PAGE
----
“There’s something of the cat in you that excites me.”
“Yes, a certain elusiveness or something. Slyness? Sly arrogance? Whatever it is I want more of it.”
“Uh huh. But wouldn’t that be counterproductive? Too predictable?”
“You mean if you gave it up too easily?”
“Yeah, if you started taking it for granted. Wouldn’t you find me more doglike then?”
“I suppose, but I couldn’t do without the dog, either. You know, the loyalty, not the clingy part. You aren’t disloyal or clingy, are you, Mr. Blow?”
“Wait a minute, who’s doing the clinging here?”
“Just an embrace. I thought maybe we could get another one in before—what time is it? Midnight yet?”
“And here I’ve been worrying about that icepick you undoubtedly stashed under the mattress.”
“Ha. So it’s the danger that turns you on, not my sultry contralto voice!”
“Turned on? What gives you get that idea? Oh. Yeah.”
“Got a mind of its own, huh? That’s very flattering, Blow.”
“Like I told you before, I have a rule not to get personally involved with clients.”
“I’d laugh if I thought you were serious.”
“Oh go ahead. I might even join you.”
The olfactory siren call of grilled bacon and brewing coffee was the morning’s first reality to reach into Blow’s sleep. He was alone in his bed. Holy shit responded from some covert command post just inside his skull, near enough the bony casing it seemed conducted in part by oscillating signals from somewhere without. The words, which pulsed on his consciousness, were not uncommon to him as an everyday response to the surprise of unexpected phenomena. Now they had greater force, bespeaking a primal sense of urgency the more disturbing for its incoherence.
He saw enough yellow in the sunlight projected on his bedroom wall through the window blinds that he knew he’d overslept. Finding the spare pillow next to his face, with its newly familiar smells, enabled him to recapture for a moment with not unpleasant clarity his intimate exertions with the woman calling herself Jamie Moriarty. The feeling of well being from the physical aspects of this prolonged coupling soon gave way to implications of the answers Blow had extracted from Moriarty before succumbing to her assertive charms and his own libidinous needs. He reached across where she had lain and found the plastic clam shell containing the Gingko biloba and pterostilbene capsules he took every morning to stimulate brain and metabolism. He swallowed the capsules and lay back, his head on Moriarty’s pillow, awaiting the energy kick the pterostilbene would give him in about half an hour.
She had come into his bedroom after the church ladies were in their rooms and the house was quiet. Not yet asleep, his muscles were still ticking down from their tensions of the day, mind darting through and around the questions and intertwined notions he’d known all along Moriarty held the key to resolving. He did not hear her enter the room, just felt and smelled her presence and turned his head and saw her standing near the bed, looking down at him. She’d removed whatever had held her dyed brown hair back, and it now draped over her shoulders giving her a maternal look that gently mocked the essence of danger always around her, in person or alone in name. She glowed now in the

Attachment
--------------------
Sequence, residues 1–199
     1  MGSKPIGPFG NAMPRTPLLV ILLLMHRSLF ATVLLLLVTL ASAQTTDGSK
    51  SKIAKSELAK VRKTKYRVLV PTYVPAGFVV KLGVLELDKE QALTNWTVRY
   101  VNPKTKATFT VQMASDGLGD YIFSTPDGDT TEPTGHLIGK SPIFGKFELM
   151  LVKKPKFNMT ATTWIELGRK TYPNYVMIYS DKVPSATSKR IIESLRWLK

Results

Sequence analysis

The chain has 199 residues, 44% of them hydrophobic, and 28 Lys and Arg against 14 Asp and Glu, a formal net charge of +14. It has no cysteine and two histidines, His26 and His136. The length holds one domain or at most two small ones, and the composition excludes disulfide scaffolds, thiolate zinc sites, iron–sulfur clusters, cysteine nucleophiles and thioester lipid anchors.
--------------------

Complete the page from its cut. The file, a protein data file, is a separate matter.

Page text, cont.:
moonlight seeping through the blinds and penetrating the nightgown she’d found in his sister’s bedroom while Callahan interviewed the church ladies downstairs. The shadow outline of her body brought him fully alert. He started to sit up, but Moriarty touched his shoulder and bent over and kissed him lightly on the lips—keeping the contact a little longer than the parting peck in the kitchen. She moved to the foot of the bed and sat, bringing a knee up in front of her and resting a hand on the blanket covering his feet.
“So.” He waited an instant for more before understanding she intended it as a conclusion. A chapter ending of sorts. Her face was blank but soft in the moonglow. He felt her fingers through the blanket on his foot, caressing idly.
“So who wants to kill me?” His voice sounded odd to him, saying those words.
“Not sure, Boo Boo, but Gladstone has something to do with it.”
“Gladstone! You mean Bart Bullshit? What the fuck?” Blow’s adrenal gland entered the discussion. He felt the pulse in his neck.
“One and the same. Still the same, but no more Senator, no more FBI, no more whatever bureaucracy. Strictly private now, although he contracts mostly with
government types. Same as us, except I like to think we’re more discriminating.”
“Jeezuz, Jamie! Do you know who he’s working for now?”
“That's still a mystery. We’re not sure even Gladstone knows. He just takes the money and barks.”
Ordinarily that line might have brought a chuckle or two from Blow. Bart! Call me Bart! was Gladstone’s notorious intro, delivered from his contra-basso larynx in staccato bursts that in fact brought to mind some kind of large canine or bull seal. Blow just stared at Moriarty. “Why?” He whispered.
“We can get to that later. The client I told you about? He can explain it better than I
can. And, by the way, that’s an admission I rarely make.” She smiled. “Right now my main concern is keeping you safe. We will be on you, as the cops like to say, day and night.”
“On me, huh?”
“Oh, my! Is this a little tent pole I see before me?” She reached a finger out and tapped the blanket. “So you were a Boy Scout! Ha! So that’s where you got the nickname!”
Adrenaline and other chemicals merged into a volcanic cocktail that overwhelmed Blow’s conservative judgment of a sudden. He raised up and grabbed the nightgown with both hands, hearing it rip, hearing her gasp, and smelling the heated smells the torn fabric released as he pulled her atop him.